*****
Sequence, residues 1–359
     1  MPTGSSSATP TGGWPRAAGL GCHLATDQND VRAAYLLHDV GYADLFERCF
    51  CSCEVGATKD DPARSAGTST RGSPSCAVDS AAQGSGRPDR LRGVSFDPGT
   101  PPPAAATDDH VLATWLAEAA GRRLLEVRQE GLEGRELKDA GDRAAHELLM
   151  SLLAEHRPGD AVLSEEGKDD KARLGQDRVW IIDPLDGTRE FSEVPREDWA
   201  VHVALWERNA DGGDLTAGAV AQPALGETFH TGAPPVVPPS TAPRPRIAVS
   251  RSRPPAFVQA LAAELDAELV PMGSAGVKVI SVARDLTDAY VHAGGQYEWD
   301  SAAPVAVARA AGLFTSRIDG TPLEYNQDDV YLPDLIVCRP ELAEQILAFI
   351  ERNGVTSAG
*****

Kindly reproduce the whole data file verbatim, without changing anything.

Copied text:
Sequence, residues 1–359
     1  MPTGSSSATP TGGWPRAAGL GCHLATDQND VRAAYLLHDV GYADLFERCF
    51  CSCEVGATKD DPARSAGTST RGSPSCAVDS AAQGSGRPDR LRGVSFDPGT
   101  PPPAAATDDH VLATWLAEAA GRRLLEVRQE GLEGRELKDA GDRAAHELLM
   151  SLLAEHRPGD AVLSEEGKDD KARLGQDRVW IIDPLDGTRE FSEVPREDWA
   201  VHVALWERNA DGGDLTAGAV AQPALGETFH TGAPPVVPPS TAPRPRIAVS
   251  RSRPPAFVQA LAAELDAELV PMGSAGVKVI SVARDLTDAY VHAGGQYEWD
   301  SAAPVAVARA AGLFTSRIDG TPLEYNQDDV YLPDLIVCRP ELAEQILAFI
   351  ERNGVTSAG